• the foreign-born and UK-born female populations of reproductive age have different age structures, with a higher proportion of foreign-born women being aged from 25 to 34, where fertility is highest

A report on Childbearing of UK and non-UK born women living in the UK, 2011 Census data, published February 2014, used 2001 and 2011 Census population estimates and annual birth registrations to examine total fertility rates for foreign-born women within England and Wales. Fertility rates for women born in around 150 non-UK countries were analysed. More detailed birth statistics for 2014 by parents’ country of birth will be published in August/September 2015.

Live births by area of usual residence

In 2014, the West Midlands and the East region both had the highest TFR among the regions of England with 1.92 children per woman. London had the lowest TFR (1.71 children per woman).

Among the local authorities in England in 2014, City of London had the lowest TFR with 0.96 children per woman, while Peterborough unitary authority had the highest (2.34 children per woman).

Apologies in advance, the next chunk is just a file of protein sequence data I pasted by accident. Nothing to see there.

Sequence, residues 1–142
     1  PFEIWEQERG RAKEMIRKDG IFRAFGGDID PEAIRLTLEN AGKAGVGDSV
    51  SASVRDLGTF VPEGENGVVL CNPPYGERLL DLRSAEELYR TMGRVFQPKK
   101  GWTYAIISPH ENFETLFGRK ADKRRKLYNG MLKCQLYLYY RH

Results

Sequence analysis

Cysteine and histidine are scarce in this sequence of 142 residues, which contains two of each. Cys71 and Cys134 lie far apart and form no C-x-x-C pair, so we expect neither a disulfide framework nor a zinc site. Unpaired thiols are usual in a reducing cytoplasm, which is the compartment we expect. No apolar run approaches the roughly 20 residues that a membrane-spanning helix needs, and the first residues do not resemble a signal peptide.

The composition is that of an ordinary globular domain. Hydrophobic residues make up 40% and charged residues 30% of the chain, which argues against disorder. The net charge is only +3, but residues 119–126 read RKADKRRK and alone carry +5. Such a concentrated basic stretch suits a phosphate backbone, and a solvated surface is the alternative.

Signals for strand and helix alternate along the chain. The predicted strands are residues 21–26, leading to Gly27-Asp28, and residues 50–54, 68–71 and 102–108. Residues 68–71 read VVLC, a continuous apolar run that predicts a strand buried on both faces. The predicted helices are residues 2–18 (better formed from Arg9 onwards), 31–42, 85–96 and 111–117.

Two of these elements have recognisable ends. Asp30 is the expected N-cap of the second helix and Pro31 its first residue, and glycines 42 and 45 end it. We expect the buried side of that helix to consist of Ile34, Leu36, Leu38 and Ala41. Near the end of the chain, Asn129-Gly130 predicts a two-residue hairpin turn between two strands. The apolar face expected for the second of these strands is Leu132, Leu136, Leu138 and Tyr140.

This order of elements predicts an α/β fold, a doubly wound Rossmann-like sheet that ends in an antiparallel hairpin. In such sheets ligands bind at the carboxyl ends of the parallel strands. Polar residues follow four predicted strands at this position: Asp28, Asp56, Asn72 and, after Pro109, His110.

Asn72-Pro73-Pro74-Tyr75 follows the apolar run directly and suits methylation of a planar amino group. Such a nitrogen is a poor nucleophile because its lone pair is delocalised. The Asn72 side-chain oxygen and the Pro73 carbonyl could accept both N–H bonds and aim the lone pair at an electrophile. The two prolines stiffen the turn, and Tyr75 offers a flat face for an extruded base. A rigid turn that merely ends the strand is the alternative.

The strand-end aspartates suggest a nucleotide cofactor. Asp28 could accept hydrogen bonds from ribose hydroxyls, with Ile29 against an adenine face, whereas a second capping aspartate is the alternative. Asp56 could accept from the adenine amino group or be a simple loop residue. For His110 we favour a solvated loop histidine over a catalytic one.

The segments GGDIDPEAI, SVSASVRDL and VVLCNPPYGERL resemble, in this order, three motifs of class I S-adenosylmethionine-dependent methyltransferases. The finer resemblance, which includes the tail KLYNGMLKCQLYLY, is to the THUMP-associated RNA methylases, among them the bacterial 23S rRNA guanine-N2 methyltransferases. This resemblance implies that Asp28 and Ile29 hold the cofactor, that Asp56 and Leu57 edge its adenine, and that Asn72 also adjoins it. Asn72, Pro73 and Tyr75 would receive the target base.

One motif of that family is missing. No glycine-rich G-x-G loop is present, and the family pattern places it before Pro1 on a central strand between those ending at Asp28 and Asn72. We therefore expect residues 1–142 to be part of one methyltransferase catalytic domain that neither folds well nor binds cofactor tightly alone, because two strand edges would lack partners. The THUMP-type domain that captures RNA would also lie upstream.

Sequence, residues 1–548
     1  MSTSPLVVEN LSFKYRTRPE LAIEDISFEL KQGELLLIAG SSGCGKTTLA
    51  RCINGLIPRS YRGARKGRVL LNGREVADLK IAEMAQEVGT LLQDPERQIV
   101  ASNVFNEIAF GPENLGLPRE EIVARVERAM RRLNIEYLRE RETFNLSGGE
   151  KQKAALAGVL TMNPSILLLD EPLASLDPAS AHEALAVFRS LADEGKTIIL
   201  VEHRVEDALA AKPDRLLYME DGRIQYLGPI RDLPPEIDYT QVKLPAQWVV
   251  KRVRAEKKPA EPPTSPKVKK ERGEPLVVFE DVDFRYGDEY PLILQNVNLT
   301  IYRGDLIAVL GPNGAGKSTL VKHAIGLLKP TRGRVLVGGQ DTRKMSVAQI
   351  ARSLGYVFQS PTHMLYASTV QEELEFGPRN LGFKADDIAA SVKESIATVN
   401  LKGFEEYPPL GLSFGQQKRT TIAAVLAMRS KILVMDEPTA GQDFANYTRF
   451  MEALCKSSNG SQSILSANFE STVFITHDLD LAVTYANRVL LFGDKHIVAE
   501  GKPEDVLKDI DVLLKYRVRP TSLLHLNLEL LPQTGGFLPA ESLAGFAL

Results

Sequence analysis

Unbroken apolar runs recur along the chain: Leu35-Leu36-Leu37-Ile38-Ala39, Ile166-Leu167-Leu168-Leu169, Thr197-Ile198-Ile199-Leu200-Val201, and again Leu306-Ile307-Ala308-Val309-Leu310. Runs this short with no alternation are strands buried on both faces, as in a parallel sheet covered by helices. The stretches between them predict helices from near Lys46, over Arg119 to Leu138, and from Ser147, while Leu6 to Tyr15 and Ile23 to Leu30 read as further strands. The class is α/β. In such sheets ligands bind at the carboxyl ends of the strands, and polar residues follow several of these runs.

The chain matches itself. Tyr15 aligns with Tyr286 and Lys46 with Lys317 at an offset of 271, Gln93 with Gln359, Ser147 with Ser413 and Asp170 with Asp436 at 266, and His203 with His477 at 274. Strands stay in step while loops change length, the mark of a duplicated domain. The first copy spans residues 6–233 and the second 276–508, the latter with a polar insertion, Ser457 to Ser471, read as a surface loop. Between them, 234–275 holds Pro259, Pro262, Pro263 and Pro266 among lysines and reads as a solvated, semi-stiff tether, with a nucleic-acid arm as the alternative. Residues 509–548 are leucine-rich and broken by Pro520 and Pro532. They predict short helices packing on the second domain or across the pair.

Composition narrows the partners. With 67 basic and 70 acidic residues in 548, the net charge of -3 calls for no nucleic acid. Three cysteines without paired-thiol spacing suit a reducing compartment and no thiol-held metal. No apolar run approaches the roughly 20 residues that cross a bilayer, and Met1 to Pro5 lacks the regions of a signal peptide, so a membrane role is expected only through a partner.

In Wales in 2014, Ceredigion had the lowest TFR, with 1.64 children per woman, while Denbighshire had the highest (2.25 children per woman).

Fertility rates can vary considerably between sub-national areas for a wide variety of reasons. The composition of the population living in each area will vary, and there will be variations in economic, social and cultural factors that may influence fertility rates due to differences in the timing of childbearing, as well as ideals around family size. For example:

  • the presence of a large student population within a local authority often acts to reduce the TFR in that area, as students in higher education tend to have below average fertility
  • the fertility contribution of women born in certain countries such as India, Bangladesh, Pakistan and African countries may be associated with higher fertility in certain areas